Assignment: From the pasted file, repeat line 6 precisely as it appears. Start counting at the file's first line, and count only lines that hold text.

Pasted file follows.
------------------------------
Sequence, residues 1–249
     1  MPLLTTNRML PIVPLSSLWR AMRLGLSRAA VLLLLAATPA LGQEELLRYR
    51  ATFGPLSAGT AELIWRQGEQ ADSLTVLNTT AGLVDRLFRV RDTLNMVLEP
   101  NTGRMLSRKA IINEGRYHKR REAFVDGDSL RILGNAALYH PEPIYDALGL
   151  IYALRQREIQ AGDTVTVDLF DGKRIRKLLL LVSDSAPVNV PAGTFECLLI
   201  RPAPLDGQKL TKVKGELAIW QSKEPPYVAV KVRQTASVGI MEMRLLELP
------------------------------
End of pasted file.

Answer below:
   201  RPAPLDGQKL TKVKGELAIW QSKEPPYVAV KVRQTASVGI MEMRLLELP